mattjohnson

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  1. From the album Images for 3D Printing Blog

    dental implant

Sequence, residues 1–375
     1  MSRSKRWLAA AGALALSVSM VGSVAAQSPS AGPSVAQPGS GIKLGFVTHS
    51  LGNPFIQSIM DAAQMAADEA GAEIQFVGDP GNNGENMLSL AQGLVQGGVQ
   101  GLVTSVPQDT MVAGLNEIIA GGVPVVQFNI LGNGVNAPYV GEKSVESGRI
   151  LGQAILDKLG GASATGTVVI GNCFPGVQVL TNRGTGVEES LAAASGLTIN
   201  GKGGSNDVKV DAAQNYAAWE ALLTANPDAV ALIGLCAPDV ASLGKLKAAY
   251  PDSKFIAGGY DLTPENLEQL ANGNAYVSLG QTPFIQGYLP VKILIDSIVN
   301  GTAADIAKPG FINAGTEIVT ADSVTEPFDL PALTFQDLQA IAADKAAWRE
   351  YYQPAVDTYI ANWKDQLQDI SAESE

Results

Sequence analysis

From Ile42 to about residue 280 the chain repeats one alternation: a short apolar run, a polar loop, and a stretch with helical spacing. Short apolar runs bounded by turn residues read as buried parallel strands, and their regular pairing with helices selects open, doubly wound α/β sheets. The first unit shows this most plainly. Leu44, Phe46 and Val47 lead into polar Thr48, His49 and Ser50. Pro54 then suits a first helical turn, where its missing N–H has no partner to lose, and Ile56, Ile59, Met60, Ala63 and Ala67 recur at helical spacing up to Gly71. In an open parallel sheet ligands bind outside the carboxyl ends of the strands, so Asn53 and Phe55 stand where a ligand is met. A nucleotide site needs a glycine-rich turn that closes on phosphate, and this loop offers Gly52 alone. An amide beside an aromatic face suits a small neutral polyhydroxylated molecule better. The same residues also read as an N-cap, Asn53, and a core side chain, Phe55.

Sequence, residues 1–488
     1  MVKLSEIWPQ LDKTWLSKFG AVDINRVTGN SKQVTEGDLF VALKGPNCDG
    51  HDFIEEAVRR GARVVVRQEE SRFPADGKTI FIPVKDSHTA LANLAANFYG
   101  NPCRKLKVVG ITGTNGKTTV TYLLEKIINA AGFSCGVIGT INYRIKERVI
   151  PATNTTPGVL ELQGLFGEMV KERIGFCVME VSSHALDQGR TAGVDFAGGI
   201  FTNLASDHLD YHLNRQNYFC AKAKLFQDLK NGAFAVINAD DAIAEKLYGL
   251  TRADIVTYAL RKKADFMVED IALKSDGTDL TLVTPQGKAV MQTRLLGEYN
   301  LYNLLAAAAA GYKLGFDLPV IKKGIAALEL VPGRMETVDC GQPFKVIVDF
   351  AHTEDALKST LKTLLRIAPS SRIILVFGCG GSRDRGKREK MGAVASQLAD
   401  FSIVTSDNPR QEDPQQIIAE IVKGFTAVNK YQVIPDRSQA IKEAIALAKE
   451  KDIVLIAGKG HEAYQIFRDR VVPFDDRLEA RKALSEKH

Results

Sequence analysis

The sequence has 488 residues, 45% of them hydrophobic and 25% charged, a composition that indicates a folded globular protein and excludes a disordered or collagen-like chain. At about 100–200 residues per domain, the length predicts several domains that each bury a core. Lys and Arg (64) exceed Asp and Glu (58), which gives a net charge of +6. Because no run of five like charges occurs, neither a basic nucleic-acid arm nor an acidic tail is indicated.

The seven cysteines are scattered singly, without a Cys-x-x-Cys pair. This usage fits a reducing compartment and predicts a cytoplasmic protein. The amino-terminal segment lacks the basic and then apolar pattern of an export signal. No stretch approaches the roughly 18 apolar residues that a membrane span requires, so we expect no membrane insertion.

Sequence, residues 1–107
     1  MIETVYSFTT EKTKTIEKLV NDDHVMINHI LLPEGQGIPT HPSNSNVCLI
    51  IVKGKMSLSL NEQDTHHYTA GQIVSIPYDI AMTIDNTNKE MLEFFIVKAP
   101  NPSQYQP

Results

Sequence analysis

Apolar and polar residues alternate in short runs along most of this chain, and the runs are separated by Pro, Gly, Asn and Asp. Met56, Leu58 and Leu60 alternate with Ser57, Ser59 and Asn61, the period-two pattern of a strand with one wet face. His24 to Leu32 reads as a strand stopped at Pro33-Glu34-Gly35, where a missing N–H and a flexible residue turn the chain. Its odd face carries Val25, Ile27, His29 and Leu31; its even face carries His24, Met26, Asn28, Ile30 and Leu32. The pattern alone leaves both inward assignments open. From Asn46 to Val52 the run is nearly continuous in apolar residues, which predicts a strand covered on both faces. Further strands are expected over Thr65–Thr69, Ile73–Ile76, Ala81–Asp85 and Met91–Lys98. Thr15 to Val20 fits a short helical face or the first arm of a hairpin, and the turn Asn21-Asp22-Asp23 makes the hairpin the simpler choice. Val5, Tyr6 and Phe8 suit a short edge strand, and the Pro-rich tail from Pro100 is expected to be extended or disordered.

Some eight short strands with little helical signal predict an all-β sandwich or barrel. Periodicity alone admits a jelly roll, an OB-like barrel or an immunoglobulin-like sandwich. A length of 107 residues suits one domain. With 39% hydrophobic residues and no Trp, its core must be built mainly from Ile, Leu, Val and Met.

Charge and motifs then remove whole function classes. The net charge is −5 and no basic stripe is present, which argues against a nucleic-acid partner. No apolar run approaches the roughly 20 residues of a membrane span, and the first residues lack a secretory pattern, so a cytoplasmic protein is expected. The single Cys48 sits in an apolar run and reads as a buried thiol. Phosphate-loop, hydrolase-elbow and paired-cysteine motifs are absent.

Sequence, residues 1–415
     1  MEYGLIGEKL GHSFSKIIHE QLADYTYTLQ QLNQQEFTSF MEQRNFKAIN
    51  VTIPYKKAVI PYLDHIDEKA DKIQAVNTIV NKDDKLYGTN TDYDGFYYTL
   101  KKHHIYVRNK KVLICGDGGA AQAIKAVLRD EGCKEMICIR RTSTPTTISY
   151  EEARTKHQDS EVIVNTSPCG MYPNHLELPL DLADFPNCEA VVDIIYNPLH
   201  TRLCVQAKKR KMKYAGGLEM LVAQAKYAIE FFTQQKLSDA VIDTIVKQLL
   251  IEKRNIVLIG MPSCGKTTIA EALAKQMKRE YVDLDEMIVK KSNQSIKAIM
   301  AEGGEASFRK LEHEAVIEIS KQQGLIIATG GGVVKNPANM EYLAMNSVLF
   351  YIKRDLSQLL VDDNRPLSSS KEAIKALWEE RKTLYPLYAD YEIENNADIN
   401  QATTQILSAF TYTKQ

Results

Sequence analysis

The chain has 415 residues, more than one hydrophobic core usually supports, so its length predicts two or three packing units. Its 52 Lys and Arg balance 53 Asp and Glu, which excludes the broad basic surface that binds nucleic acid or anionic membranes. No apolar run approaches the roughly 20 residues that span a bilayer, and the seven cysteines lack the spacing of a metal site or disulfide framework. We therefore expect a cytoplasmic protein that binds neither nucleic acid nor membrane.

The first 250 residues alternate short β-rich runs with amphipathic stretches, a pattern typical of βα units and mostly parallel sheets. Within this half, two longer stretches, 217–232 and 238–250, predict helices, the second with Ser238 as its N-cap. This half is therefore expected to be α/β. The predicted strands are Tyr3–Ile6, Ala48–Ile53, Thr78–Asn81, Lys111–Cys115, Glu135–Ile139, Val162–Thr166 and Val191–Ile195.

2. Medical Three-dimensional (3D) printing has a variety of uses and is becoming an integral part of dentistry, oral surgery and dental lab workflows. 3D printing in dentistry is the natural progression from computer-aided design (CAD) and computer-aided manufacturing (CAM) technology which has been used for years by dental labs to create crowns, veneers, bridges and implants. Now, 3D printing is taking its place with 3D printing solutions for dental, orthodontic, and maxillofacial applications. Several 3D printer manufacturers, including Stratasys and EnvisionTEC, offer specialized materials and printers as part of their dental 3D printing solutions. Anyone can create 3D printed dental models and embodi3D has created a dental 3D printing tutorial which guides readers through the process of 3D printing teeth and mandible. What is Dental 3D Printing? Three-dimensional printing begins with a special scanner. The mouth of the patient can be scanned using contact or non-contact scanning technology. The device works by creating a super accurate, patient specific digital image of a dental surface that is then saved as a computer file. Using specialized software, the scan is translated into a 3D digital representation. The resulting digital model may be a tooth, several teeth or the jaw. This digital imaging is not only replacing CAD/CAM technology, but it is also replacing some of the old plaster impressions traditionally used. Once the scan is complete and a 3D image has been created, the specialized software will prepare it for physical model creation. There are two popular methods for creating a physical model from the digital representation. The first method involves using a technique called slicing. With the help of specialized computer software, the original three-dimensional image is divided into thin horizontal layers. These layers are then transmitted to the 3D printer. The physical model is then printed layer by layer until the physical 3D model is complete. The second method is CNC milling. In this case, the complete digital image is transferred to a milling machine. Rather than print a model layer by layer, the milling machine starts with a solid piece of material. The machine then carves the new 3D physical model out of that block of material. As techniques become more advanced, 3D models become more accurate and the technology becomes more readily available, the first method is used more often in dental diagnosis, treatment planning and construction of dental appliances such as dental implants, orthodontics, denture bases and bite guards. Advantages of 3D Printing Teeth, Crowns, Dentures and Other Dental Anatomy 3D imaging has been used in dentistry for many years, however, the traditional method of model creation involves dental plaster models. While these models are accurate, so are 3D printed oral models. In fact, dental 3D printing is not only accurate, it is quick and a lot less messy. Patients who have undergone fitting for a crown or other dental appliance generally do not remember the process fondly. Plaster is messy and it has been necessary for patients to be fitted with a temporary appliance only to return for a second visit. This is both inconvenient and time-consuming. 3D imaging and printing can alleviate this problem. In dental offices with the capability, the process is fast and patients can often be fitted with their permanent appliance in a single visit without the plaster mess. This makes the entire process far more convenient for patients. Dentists also benefit from 3D printing and imaging. Imaging files are far easier to store than bulky plaster casts. By going digital, dentists and maxillofacial surgeons can store patient information indefinitely. This makes it easier to refer to files time and again for comparison, planning and treatment. As the 3D printer technology becomes more accessible, the cost of use is going down. Patients can have these procedures performed at prices comparable to traditional methods, and these costs will continue to decrease as 3D printer prices decrease. Advances in 3D printing technology are constantly improving. Whereas manual creation of implants, crowns and prosthetics required a high degree of specialization, 3D printing can quickly and easily create highly accurate models. This provides better fitting, more personalized appliances improving both comfort and efficacy of prosthetics. 3D Printing in Maxillofacial and Oral Surgery Maxillofacial and oral surgery is an area where 3D printing is currently being utilized for a variety of reasons including cancer, birth defects, injury or receding bone. Corrective surgery is often needed in cases like these. A prosthesis, implant, dental mesh, surgical stent and more can be created through the 3D scanning and printing process to aid patients. In addition to creating the actual prosthetics, three-dimensional printing is also helpful as part of the planning process. Three-dimensional printing can be used to create prototypes of the planned devices prior to surgery. Having the ability to simulate devices prior to implantation can help surgeons work out complex reconstructions and ensure that devices fit well. This allows the entire surgical process to be safer and easier. 3D Printed Dental Implants As with maxillofacial surgery, 3D scanning and 3D printing improve the fit, comfort and ease of dental implant surgery. 3D scans of the patient’s teeth, gums and jaw allow dentists to have a high degree of accuracy and as a result 3D printed dental anatomy is patient specific. There are many advantages to using 3D printing for dental implant surgery including: Determine depth and width of bone Accurate sizing for implants Determine the location of sinuses and nerves Three dimensional printing creates accurate models that ensure a good fit. It is used to address issues such as location, angle and depth of the implant prior to surgery. This same technology allows dentists to create templates and surgical drill guides for permanent implants. Many dentists use these guides to improve surgical safety as they guide the surgeon’s hand, ensure correct placement and restrict the depth of the drill. How 3D Printing is Used for Crowns With 3D scanning and printing, dentists and patients can forgo the plaster dental mold and the need to rely on a lab for crown creation. With 3D technology, dentists can use a scanning camera and specialized software to create an exact three-dimensional image of the tooth that needs to be crowned if the tooth has not broken below the gum line. This image is then transmitted to a 3D printer or milling machine that carves a porcelain crown to exact specifications. The entire process can be completed in about an hour allowing patients to leave the dental office with a permanent crown on the same day. Three-dimensional imaging is one more tool in the dentists’ and oral surgeons’ arsenal to provide better oral health care. With three-dimensional imaging and printing, dentists can gain more complete information for diagnosis and treatment, ensure safer procedures and provide a more comfortable fit for oral devices.